Sunday’s class was definitely something out of my element. I’m not saying I’m a traditionalist either, just inexperienced. I wouldn’t have considered myself a fabric artist. That being said… I am hooked on this method.

We were asked to bring a picture or a photo. It could be of anything. I decided upon a photo I had taken about 26-27 years ago… a winter sunrise over Baynes’ Sound.

I scanned the photo… the scanned image is lighter than the original. Details are more clear.

Winter Sunrise over Bayne’s Sound

With something like this you can re-create your image to size, or adjust as you wish. My photo is a standard 3″x5″, and I “blew” it up to 14″x18″. One of the difficulties I had was the scale… but as it is a representation, and not a copy, I fudged it.

As you can see the sun is just coming up over the island in the middle (which is further away than the island leading off to the right). And with the cloud formations you can just see the “glow” of the sun over top of the clouds. I recreated that in my collage. The collage is still a work in progress, although I think I am almost to where I want it.

Fabric Collage of Winter Sunrise over Baynes’ Sound.

To soften the reflection of the sun in the water, I used some white toile, and used a piece to represent a wave rolling in onto the beach.

I was considering borders today, when I discovered I needed more detail on the beach. My next step is to add the borders, I have decided to go with a black inner border, about 1/2″… or maybe 3/4″. Then a Blue/Black squared outside border… maybe.

Then I will be sandwiching and quilting… especially stitching down all the pieces. In some areas… there are several layers, and pieces to get the colour blending.

Would I do this again… you bet… I just need a few more items to add to my stash. Having a large palette… I mean stash of fabric, will definitely add to this technique.

In April 2006, I attended a Redwork workshop given by our local quilters’ quild.  Redwork is needlework similar to embroidery, but uses traditionally only red thread on a white background.   It was a fun evening!

After taking this class, I had a great idea.  I’ll make a quilt for my Mom.  Now we should add, that at this point I was only just starting to quilt… no quilts started, only a thought of doing one to remember my dad.  (Another story, for another time).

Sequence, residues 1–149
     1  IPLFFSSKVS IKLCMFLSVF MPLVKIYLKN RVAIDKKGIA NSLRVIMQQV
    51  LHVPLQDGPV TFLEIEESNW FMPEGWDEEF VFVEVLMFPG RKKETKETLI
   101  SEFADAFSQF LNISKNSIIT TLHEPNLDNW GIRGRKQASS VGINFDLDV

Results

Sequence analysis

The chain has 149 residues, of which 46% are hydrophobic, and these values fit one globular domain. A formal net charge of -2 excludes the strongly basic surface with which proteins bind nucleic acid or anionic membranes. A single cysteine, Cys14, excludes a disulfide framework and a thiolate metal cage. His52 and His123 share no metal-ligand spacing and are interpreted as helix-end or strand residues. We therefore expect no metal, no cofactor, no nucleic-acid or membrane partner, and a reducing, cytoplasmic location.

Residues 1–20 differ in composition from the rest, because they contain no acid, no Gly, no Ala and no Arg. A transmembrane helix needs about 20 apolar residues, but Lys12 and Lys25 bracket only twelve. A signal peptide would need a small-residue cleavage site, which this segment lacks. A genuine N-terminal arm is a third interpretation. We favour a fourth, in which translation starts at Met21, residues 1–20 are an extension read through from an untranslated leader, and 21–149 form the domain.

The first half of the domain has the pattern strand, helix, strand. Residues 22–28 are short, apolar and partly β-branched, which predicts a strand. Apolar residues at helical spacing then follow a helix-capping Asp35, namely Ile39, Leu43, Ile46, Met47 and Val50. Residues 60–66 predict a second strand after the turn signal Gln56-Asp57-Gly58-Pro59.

In the Redwork workshop, the facilitator suggested that redwork designs could be found just about anywhere… but colouring books were often used.   Within a few days, I started to gather cats.  I traced a couple from a few colouring books, then I scoured the internet.  Found a few there too.  Some needed some “editing” to get rid of the colour, and to leave the outline (lines) of the design.    I worked off and on on these blocks until February 2008 (when I finished the last one).   I made 12 redwork blocks, and 13 puss-in-the-corner blocks as an alternating block.   I also gathered several burgundy/wine reds, as that is the colour of the thread I chose to do the redwork.    I wish I knew then what I know now… I would have bought a little more of the fabric… because I didn’t have enough to do the borders.  I found some fabric with cats on it, to use for the inside border.  The outside border is a paisley with colours from the inside border as well as from some of the blocks.

I finished attaching the borders today!  I am very pleased with my results.  I even did tricky (what I consider tricky for a beginner quilter), corners for the borders.  I made 4-patch blocks for the corners.  The tricky part is getting the border long enough to fit the sides of the quilt, and then of course matching all the seams.  I think I missed 3 or 4… so I think it went very well.

This will be my largest quilt made to date.   Currently it is approximately 70″x70″.   My design wall isn’t quite wide enough, so the pictures don’t have all the quilt.

Completed Topa few of the blocks are missing from this picture.  Once the quilt is completed, I’ll post a picture of the entire quilt

Gotta Luv Cats - Close up of cornerclose up of the border

All I need to do know is sandwich, quilt, bind and label it, and it will be done!  I think my Mom will like it.

It started with a class on Thursday night. Our guild was to have a Stained Glass Quilt class on the 23 Feb, but the instructor had to cancel due to some reason. So she called and arranged to hold the class at her house on Thursday night. I asked for the supply list which she sent me.

I gathered the items I had… she said she had stuff available for purchase (she runs her own home-based business). I thought, that I should probably bring a few basic things… Well it turns out… I needed a lot more of the basic supplies than I brought. LOL. This is actually my first class with the guild, so I didn’t know what else I needed… apparently a sewing machine would have been helpful. She was nice enough to lend me hers. There are 3 of us in the class. The other two students, have done stained glass quilts before… so I was the “newbie”! We were going to do a rosebud.

Here are a few “in progress” pictures. I got carried away last night (Friday), as I wanted to do something. I stopped myself, before I had finished it, so I’d have something to do the next class on Tuesday evening.

Stained Glass Quilting… the beginningthe white spaces are from the design wall Stained Glass Quilting… the beginning

This is what I did Friday night.

Stained Glass Quilting… second work out as you can see… the design is starting to become apparent. The white spaces are waiting for fabric.Stained Glass Quilting… second work out

I am having fun doing this technique. I have so many ideas, I want to do…

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March 2008